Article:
Acute Postinfectious Glomerulonephritis (APIGN) is the most common renal pathology in developing countries and a wide spectrum of infectious agents may be the cause of the disease. The prototype of the disease is acute poststreptococcal glomerulonephritis, but other infectious aetiologies such as Staphylococcus, Pneumococcus, Mycobacteria, Yersinia and various viral, parasitic and fungal infections may also be relevant. APIGN occurs typically 7-14 days after infection but in some cases it can occur concurrently with pneumonia. Here we report a 4 years old girl presented with pneumonia and glomerulonephritis simultaneously. Although we could not detect the underlying aetiology she responded well to appropriate antibiotics and diuretics. We aimed to remind the simultaneous and rare presentation of pneumonia and glomerulonephritis.
Child-hood; Glomerulonephritis; Pneumonia
Acute Postinfectious Glomerulonephritis (APIGN) includes a large group of glomerulonephritis that result from a variety of infectious agents . APIGN generally occurs after an infection caused by Group A β-Hemolytic Streptococcus (GABHS) and also to a lesser extent it occurs after staphylococcal, pneumococcal infections and various viral infections like coxsackievirus B, influenza virus and mumps  also follows fungal and parasitic infections. Association with pneumonia is rarely reported . Although more commonly seen in adults there are also four small series and few reported cases with pneumonia in the pediatric literature [2-8]. While APIGN typically occurs between 7-14 days after an infection, glomerulonephritis associated with pneumonia usually develops concurrent with pneumonia . Here we report a four years old girl with lobar pneumonia who presented simultaneously with APIGN.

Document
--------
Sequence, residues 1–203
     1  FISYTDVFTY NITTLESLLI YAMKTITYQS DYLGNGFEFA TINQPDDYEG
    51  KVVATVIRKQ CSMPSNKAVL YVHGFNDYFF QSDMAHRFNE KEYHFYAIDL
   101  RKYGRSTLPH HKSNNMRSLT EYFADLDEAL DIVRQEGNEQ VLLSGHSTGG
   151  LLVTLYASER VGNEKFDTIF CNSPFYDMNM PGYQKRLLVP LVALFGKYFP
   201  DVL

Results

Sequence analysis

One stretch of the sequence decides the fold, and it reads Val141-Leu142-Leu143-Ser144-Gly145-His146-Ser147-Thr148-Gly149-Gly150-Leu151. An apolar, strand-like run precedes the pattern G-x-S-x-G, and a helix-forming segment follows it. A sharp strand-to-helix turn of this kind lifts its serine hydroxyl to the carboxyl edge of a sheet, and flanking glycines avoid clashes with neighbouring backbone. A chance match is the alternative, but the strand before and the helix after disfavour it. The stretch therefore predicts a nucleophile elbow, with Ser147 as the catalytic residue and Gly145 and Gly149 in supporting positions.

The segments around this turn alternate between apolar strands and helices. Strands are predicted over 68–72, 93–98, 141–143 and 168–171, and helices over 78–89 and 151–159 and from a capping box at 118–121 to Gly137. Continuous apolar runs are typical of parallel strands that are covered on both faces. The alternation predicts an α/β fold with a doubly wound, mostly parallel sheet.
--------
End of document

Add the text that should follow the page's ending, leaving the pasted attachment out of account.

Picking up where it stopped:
A 4-year-old girl presented with cough, fever, dark urine and abdominal pain lasting for over two days. She was daughter of non-consanguineous parents and past medical history was unremarkable. Her father had upper respiratory tract infection one week prior to her complaints. On physical examination her temperature was 38.7 C, pulse rate 135 beats/minute, respiratory rate 40 breaths/minute and blood pressure was 120/70 mmhg (>95th percentile for age, height and sex). She had an erythematous posterior pharynx without exudate. On auscultation respiratory voices were decreased on right basal region. Abdomen was diffusely tender. Other system examinations were normal. Laboratory examinations revealed elevated white blood cells of 16.100/mm3 (87.1% neutrophils, 10.6% lymphocytes, 2.3% band forms) with hemoglobin 8.84 g/dl, and platelets 255.000/mm3. Blood urea nitrogen and serum creatinine levels were elevated at 40 mg/dl (7.9-21 mg/dl) and 1.5 mg/dl (0.39-0.79 mg/dl) respectively. Estimated glomerular filtration rate was found to be 48 ml/min/1.73m2 by Schwartz formula. On microscopic analysis of the urine there were more than 100 erythrocytes and 4-5 leukocytes per high power field. Urine dipstick test revealed proteinuria of 2+. The spot urine protein/creatinine ratio was: 1.4 (mg/mmol) .Serum complement 3 level was 0.159 g/L (0.83-1.77 g/L) and C4 was 0.209 (0.12-0.4 g/L) g/L. Anti-streptolysin O levels were elevated with 612U/ml (<200 U/ml). Blood, urine and pharyngeal swab cultures were obtained before antibiotic administration and all of them were negative. Serological tests for Mycoplasma, Chlamydia were also negative and titers did not elevated on repeated investigations. Viral PCR obtained from nasopharyngeal swabs was also negative. On chest radiograph, there was consolidation on right upper lobe indicating lobar pneumonia (Figure 1). Renal ultrasound showed enlarged kidneys with increased echogenicity bilaterally.